Naval G. Daver, MD: I’m going to go ahead and do some of the data slides on the venetoclax, and then we’ll have any additional discussion points that may emerge after that.

There were 2 studies. Both of them are phase II. There are 2 phase III studies, actually, both near completion. One is completed, and one is near completion, but we don’t have any data to show from those. Of those 2 phase II studies, the one I’m going to discuss is the azacitidine or decitabine. It was basically an HMA [hypomethylating agent] combination with venetoclax. The study started about 4 years ago, and this was a study that was designed for elderly patients, but also those who are not fit or considered not fit for your traditional induction using a cytarabine/anthracycline-based approach. The phase II study did not have extremely strict criteria. It was left more to the treating physician considering them as the expert to make that decision on who they thought was a good candidate. The phase III does have more strict criteria to select patients who really would be considered unfit.

The other exclusion criteria, and something that I think was mentioned by Drs Rizzieri and McCloskey is that the white count is important. You don’t want to give venetoclax to somebody with 50,000 and test the waters, because we actually have seen tumor lysis in a couple of patients when you treat large numbers. It’s rare; it’s not the frequency that’s been shown in CLL [chronic lymphocytic leukemia], but it can occur, so I would be very careful. The doses of [azacitidine] and decitabine were standard doses. Venetoclax was given in a ramp-up here—100, 200, 400 [mg]. This was in the phase I/II, so azoles were not really allowed on that study. I think most people are now using azoles, and capping it at 100 [mg] with POSA [posaconazole] is reasonable and 200 with VORI [voriconazole] or Cresemba are probably reasonable options.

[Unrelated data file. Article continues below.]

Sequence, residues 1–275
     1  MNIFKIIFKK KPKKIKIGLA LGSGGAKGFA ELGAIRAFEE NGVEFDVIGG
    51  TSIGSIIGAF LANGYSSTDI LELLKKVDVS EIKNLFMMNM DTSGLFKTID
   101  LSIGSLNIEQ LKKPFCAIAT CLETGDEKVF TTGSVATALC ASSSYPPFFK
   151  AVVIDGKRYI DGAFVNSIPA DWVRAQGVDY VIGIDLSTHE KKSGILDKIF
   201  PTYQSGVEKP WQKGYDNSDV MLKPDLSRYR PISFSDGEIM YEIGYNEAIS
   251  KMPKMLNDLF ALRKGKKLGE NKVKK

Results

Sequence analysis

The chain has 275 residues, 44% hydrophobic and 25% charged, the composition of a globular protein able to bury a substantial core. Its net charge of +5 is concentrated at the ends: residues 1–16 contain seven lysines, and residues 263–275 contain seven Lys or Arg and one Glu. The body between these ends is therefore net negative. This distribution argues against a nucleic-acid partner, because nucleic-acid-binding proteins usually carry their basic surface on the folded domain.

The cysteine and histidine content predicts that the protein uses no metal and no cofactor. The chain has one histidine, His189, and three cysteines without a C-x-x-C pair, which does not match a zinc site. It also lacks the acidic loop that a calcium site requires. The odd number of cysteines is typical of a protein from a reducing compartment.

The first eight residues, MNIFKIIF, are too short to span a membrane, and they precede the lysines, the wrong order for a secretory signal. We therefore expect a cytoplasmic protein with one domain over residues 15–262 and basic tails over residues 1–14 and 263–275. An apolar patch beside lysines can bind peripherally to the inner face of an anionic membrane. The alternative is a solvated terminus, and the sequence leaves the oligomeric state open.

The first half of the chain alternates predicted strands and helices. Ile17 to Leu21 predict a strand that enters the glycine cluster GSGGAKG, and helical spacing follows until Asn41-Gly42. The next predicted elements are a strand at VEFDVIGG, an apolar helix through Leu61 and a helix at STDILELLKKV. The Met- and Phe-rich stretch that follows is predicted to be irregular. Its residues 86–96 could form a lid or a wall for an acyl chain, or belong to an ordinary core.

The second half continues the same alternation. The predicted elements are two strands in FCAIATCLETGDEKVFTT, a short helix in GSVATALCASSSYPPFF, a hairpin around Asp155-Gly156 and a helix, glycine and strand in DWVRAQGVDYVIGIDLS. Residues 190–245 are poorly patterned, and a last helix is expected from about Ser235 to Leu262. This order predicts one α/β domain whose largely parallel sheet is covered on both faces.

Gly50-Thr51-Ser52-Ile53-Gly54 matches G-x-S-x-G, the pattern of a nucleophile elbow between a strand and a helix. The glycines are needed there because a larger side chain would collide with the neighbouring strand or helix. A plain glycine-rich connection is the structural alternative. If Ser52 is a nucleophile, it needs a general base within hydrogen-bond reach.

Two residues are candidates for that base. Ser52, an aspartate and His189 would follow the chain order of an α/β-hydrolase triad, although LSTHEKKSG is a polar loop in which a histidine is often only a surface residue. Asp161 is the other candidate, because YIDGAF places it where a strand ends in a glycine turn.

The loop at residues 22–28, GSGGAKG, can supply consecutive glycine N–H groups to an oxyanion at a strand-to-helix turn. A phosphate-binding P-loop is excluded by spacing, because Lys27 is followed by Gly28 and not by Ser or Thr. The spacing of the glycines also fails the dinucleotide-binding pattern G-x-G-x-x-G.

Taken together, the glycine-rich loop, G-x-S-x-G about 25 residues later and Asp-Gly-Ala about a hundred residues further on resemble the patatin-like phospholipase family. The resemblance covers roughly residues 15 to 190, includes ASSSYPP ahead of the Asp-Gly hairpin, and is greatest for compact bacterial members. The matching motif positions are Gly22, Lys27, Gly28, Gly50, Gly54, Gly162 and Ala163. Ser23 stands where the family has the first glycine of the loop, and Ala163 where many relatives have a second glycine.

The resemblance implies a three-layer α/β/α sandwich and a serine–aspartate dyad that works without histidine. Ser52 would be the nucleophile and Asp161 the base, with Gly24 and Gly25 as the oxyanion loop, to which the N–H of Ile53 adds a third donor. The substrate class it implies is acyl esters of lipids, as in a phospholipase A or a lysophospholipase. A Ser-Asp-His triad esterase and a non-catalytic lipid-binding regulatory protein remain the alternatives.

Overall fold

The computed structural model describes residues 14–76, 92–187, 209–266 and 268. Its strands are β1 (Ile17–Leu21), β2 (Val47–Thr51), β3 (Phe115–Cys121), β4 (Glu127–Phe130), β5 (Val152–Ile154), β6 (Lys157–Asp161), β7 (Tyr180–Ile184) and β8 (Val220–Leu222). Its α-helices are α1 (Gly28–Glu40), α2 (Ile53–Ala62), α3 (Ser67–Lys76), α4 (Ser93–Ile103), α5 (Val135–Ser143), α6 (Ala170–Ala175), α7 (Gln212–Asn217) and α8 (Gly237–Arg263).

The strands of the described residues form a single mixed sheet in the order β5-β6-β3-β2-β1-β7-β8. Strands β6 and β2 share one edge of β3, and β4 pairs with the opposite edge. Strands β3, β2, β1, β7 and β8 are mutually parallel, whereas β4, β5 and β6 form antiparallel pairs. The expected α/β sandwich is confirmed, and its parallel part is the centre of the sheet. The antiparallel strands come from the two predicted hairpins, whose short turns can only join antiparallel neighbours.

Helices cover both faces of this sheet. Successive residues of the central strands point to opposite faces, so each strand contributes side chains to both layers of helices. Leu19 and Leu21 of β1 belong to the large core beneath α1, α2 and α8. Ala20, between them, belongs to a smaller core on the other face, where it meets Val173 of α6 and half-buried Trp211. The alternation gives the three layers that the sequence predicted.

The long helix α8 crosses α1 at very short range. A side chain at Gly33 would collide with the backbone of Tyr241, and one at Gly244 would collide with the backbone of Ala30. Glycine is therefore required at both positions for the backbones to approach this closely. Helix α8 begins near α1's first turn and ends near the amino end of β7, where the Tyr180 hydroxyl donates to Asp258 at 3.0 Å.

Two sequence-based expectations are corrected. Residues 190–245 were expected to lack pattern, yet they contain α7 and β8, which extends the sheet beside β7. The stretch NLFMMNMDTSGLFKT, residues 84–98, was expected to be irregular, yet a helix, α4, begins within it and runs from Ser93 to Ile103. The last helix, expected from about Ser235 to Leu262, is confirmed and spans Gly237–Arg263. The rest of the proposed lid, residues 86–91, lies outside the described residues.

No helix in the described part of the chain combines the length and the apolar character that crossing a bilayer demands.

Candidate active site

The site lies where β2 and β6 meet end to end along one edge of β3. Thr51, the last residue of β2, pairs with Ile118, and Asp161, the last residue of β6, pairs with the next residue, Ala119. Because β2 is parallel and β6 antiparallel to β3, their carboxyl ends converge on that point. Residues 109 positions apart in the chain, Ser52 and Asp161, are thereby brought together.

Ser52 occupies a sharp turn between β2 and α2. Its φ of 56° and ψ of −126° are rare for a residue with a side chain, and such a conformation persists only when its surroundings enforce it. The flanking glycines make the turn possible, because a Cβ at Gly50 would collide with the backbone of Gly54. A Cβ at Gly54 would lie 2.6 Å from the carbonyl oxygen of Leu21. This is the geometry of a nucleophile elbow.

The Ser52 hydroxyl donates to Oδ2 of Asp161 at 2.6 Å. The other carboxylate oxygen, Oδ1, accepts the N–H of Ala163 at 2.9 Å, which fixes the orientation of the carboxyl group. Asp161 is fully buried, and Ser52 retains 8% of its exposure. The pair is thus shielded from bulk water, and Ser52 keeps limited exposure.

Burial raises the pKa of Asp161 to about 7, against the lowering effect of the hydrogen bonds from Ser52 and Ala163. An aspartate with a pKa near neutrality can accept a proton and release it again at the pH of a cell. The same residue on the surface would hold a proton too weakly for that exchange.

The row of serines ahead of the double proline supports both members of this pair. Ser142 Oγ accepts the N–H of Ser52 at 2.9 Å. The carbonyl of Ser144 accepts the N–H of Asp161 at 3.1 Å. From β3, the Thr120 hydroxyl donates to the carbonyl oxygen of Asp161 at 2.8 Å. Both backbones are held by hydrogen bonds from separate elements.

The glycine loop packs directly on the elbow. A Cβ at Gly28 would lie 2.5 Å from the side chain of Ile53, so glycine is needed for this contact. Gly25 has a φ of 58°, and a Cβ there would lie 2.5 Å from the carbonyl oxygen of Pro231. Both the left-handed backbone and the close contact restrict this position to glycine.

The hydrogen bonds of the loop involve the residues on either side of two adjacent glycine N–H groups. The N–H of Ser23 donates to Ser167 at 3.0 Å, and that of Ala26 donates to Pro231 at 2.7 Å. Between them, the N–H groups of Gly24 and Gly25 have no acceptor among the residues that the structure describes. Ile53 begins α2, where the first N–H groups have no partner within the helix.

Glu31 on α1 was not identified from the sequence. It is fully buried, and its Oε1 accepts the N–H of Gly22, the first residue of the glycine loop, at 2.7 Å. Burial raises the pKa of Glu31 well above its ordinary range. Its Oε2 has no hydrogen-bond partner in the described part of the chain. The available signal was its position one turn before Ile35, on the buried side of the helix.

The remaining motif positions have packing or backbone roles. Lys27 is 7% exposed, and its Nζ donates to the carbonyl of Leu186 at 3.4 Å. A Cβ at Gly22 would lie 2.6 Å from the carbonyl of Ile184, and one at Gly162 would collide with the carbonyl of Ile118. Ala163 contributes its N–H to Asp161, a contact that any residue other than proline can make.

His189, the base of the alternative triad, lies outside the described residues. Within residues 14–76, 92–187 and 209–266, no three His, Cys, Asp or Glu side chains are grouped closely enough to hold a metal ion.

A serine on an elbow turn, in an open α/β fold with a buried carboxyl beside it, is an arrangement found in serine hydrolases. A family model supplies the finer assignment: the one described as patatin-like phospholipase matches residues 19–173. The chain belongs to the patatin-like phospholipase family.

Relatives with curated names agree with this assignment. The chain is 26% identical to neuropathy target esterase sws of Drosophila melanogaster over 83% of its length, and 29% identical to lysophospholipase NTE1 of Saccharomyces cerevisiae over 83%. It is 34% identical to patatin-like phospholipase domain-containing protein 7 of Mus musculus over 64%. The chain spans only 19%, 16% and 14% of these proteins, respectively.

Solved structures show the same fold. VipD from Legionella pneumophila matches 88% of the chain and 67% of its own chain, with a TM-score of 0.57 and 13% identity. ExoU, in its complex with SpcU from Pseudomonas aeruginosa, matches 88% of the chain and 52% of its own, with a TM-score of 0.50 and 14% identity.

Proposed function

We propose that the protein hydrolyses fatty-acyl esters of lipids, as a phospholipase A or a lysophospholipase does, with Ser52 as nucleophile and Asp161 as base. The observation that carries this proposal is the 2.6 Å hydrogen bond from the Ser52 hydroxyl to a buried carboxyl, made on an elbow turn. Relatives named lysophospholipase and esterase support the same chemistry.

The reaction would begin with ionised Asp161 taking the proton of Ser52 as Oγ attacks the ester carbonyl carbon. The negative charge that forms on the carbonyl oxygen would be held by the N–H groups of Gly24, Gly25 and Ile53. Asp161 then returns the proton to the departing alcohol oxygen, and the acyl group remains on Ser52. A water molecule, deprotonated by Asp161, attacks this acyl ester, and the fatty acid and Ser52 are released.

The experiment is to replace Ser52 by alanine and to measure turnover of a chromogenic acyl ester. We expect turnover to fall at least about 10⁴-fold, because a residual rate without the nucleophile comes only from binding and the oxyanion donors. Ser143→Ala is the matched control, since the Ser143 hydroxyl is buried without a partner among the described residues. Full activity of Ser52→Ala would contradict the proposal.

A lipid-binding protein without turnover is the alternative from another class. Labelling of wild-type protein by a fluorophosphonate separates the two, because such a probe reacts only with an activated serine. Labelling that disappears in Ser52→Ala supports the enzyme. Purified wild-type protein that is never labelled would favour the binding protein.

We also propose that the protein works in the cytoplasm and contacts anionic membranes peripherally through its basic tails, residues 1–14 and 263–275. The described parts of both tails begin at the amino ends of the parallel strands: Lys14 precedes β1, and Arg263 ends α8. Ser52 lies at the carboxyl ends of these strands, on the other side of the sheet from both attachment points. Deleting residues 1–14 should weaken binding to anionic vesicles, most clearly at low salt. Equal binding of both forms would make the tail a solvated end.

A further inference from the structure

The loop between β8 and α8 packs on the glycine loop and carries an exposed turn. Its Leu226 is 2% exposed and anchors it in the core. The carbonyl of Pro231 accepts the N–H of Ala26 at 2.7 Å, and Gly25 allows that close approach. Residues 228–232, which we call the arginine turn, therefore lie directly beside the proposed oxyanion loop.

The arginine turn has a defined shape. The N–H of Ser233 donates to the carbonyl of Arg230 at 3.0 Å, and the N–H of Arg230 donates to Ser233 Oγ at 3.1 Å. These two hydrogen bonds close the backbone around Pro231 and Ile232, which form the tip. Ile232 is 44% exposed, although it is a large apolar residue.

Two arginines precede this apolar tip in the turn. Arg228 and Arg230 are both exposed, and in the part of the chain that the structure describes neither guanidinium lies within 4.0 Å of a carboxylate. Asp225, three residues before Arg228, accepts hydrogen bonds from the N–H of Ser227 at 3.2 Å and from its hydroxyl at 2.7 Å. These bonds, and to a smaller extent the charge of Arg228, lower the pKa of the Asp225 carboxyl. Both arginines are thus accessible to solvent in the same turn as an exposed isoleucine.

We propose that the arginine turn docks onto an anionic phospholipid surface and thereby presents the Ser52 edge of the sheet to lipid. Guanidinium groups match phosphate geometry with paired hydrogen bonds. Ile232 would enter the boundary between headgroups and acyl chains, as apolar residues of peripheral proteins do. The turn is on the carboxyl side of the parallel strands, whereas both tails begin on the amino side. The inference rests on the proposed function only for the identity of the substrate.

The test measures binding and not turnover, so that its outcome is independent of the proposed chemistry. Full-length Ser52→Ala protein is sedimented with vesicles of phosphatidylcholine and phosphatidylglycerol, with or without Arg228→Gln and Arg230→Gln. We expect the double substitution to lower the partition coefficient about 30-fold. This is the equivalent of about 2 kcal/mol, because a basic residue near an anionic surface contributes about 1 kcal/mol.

Here, we have the slide that has generated, rightly so, a lot of excitement. You see response rates in this population of 60-plus in the range of 70% to 75% with a large number of those being true CRs [complete responses]. To put this in perspective, if you look at single agent azacitidine phase III data and the single-agent decitabine phase III data from Dr Hagop Kantarjian, MD, published many years ago, the CR/CRi [complete remission with incomplete hematologic recovery] rates are 20% to 28%. This was not really double. It was almost triple the response rate. People were quite excited about this, even before we knew the survival. These are the data showing only the people who got 400 [mg] [venetoclax]. There are actually more patients on the study. There are 220, but these are the 115 who got the FDA-approved dose of 400 [mg] with the HMA, whether it was azacitidine or decitabine.

As you can see, most of these responses occur early. This was the second thing that people were excited about after seeing the response rate; it was happening within 29 days. All of you who have used hypomethylating agents know that it takes usually 2, 3, 4 cycles. Here, the median time was actually 1 cycle, so there was definitely a qualitative difference in the response.